‘Never stop’ is the Los Adventures approach to weekend travel.
Our goal is always to pack as much into a 3-day weekend as possible. And our recent trip to Convict Lake was no exception. We hit up a National Monument, hiked to 5 glacial lakes, climbed to the base of a 101ft waterfall, lounged in a hot spring, and still found time to see Mad Max (more on that later). What follows is a suggested agenda for exploring the Eastern Sierras, if you have an ‘always go’ mentality.
Stay: Convict Lake Campground
THE DRIVE UP THE 395 NORTH
Eager to be there, we left for Mammoth at 1pm on a Friday after a half day of work. While this would mean pitching our tent at dusk, it also meant gorgeous golden hour views of the Sierras on the way up. We took our time – stopping at the iconic Alabama Hills in Lone Pine, Mahogany Smoked Meats in Bishop for wild boar jerky and, well, anywhere along the 395 where we liked the view.
CONVICT LAKE CAMPGROUND
I don’t know if the weather could be called ‘unseasonably cold’, but it definitely wasn’t rainy and high of 55 last year. That’s likely why Convict Lake, a campground that was 80% full when I booked our site in February, had empty spots all around us. No prob. We’ll take the solitude as a nice compliment to the bacon and the epic views.
DEVILS POSTPILE NATIONAL MONUMENT
On Saturday, our first stop was Devils Postpile National Monument. From Mammoth Lodge, you take a shuttle that runs in a loop through the monument and back. We opted to get off at the Postpile stop, so we could make a 6 mile out-and-back hike to the Monument and on to Rainbow Falls.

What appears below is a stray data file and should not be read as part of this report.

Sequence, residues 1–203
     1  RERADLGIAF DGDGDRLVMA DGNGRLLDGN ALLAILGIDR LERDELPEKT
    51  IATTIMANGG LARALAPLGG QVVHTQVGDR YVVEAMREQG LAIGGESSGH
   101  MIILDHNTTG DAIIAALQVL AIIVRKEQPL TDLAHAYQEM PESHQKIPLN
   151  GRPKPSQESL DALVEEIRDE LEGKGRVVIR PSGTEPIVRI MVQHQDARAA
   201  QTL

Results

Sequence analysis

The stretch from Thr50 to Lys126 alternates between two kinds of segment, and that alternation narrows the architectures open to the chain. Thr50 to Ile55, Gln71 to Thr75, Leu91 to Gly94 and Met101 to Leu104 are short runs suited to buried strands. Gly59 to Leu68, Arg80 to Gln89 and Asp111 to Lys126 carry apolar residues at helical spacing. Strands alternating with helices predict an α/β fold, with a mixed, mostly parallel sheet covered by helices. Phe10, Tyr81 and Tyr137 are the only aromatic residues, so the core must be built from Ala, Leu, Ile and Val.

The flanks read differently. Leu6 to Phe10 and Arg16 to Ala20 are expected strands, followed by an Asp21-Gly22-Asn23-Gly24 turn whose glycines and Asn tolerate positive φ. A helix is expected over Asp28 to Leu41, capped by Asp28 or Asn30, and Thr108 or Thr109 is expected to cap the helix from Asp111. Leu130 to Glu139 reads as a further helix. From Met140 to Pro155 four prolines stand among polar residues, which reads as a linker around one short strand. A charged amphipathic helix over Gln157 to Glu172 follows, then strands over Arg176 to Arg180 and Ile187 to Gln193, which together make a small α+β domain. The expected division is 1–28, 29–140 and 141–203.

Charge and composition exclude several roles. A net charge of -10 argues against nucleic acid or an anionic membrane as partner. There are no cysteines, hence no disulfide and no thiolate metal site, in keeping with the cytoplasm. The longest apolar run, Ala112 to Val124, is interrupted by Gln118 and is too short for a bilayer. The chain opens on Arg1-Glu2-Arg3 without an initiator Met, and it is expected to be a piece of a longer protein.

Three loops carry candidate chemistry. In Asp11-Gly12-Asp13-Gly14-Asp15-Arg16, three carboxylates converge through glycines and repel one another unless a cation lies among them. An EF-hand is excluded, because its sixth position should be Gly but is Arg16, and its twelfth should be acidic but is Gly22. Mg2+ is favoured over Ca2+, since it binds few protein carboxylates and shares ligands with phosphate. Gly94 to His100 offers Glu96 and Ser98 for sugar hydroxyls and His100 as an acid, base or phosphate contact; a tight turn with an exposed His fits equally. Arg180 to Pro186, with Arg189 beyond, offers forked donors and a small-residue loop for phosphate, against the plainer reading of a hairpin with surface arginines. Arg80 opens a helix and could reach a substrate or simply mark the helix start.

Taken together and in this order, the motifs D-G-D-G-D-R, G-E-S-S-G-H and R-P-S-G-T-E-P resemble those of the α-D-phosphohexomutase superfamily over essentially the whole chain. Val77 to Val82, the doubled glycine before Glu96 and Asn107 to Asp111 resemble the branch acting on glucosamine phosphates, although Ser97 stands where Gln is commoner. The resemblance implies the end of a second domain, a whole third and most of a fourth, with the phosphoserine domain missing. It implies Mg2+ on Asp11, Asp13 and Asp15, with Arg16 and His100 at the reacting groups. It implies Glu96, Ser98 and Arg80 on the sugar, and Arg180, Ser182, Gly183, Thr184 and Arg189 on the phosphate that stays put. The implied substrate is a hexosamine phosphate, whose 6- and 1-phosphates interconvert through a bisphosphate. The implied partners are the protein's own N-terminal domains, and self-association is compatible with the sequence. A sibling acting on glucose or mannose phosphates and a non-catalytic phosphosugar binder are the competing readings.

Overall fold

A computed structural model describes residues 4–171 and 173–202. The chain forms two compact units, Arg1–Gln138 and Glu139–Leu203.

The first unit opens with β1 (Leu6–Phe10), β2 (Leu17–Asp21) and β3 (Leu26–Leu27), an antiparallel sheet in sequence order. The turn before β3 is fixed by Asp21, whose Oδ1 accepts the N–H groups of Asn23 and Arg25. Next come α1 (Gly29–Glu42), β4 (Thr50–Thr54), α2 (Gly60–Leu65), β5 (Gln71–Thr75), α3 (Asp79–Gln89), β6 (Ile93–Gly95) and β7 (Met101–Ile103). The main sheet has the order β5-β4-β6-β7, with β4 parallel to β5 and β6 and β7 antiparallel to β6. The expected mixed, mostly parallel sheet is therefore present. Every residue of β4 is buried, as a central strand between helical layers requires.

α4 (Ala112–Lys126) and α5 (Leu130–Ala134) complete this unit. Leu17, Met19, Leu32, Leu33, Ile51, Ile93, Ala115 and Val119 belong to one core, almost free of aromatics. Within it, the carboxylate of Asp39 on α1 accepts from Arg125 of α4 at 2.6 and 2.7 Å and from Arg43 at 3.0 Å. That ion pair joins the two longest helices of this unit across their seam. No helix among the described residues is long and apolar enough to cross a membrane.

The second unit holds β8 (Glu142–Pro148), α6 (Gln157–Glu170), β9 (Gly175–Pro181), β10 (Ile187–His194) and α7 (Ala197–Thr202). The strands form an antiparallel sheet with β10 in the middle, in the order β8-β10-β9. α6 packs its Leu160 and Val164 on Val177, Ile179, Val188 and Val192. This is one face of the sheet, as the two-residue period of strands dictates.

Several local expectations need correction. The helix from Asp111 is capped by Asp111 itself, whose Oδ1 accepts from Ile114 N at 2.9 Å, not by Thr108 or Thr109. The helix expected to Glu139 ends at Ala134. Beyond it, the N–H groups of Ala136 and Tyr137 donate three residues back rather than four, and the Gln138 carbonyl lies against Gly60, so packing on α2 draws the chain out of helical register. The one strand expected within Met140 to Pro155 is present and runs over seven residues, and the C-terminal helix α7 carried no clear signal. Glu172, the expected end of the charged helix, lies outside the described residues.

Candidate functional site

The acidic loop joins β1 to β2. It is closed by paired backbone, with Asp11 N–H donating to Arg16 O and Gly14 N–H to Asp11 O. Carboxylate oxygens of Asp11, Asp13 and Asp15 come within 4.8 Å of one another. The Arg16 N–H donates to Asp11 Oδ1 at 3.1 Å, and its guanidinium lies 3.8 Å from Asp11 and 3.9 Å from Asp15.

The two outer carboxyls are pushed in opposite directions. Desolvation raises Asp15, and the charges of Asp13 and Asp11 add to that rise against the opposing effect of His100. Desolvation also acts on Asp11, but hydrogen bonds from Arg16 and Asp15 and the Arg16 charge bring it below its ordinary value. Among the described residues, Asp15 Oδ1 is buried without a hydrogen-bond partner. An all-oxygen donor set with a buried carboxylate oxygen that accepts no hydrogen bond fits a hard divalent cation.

Holy fuck – it was cold. Beautiful, bright, sunny, but cold. We realized later that we both were sunburned – so I’d advise anyone visiting to pack in lots of water, sunscreen and clothes for different temperatures. I’d say it was worth it for the geological oddity of the Postpile and the biggest waterfall I’d seen since Hawaii.
SNOW IN MAY IN MAMMOTH
With the shuttle rides and photo stops, this exploration took all morning and early afternoon. We had grand intentions of going down to the hot springs to warm up after our hike, but the intermittent drizzle of the morning turned into full rain around 4pm. We (and everyone else it seemed) went to wait out the storm at Mammoth Brewing Company. After one drink, the rain turned to snow. While ecstatic to seeing falling snow for the first time in years, we realized we’d have to eat dinner in town and see a movie instead of making fajitas, negronis and s’mores by the fire. These things happen…
LITTLE LAKES VALLEY TRAIL
The snow continued to fall through the night so we were treated to fresh snow-capped peaks in the morning. The hike we’d planned for that day, Little Lakes Valley Trail, was covered in a few inches of fresh powder as well. We decided to attempt it but not trek as far as we had intended, considering we didn’t bring waterproof boots. Again, such a weird feeling, but the sky was bright blue and sunny – but we were hiking through a ‘winter wonderland’ of snow.
On the way down, we stopped at Pie in the Sky Cafe, aptly named as this little shop serves homemade pies everyday at their outpost around 9000ft in the Rock Creek Resort. Normally, we’re health nuts, but we figured we deserved a slice after camping/hiking through this weather.
HOT CREEK • WILD WILLYS HOT SPRING
At this point, we had decided to go home early. The chill was really getting to these Angelenos. But in Los Adventures style, we planned to go check out a geothermal feature and a hot springs before heading back.
Hot Creek Geological Site looks a like a baby yellowstone. The two most prominent pools are bright aqua, bubbling and steaming. We’d visited hot springs around the area, but had no idea this was right down the road. (Man, California never ceases to amaze!) By this time, the weather had warmed up enough to put on a swim suit. We capped off our cold, snowy trip with a dip in a hot spring. Yeah – this trip worked itself out. ▲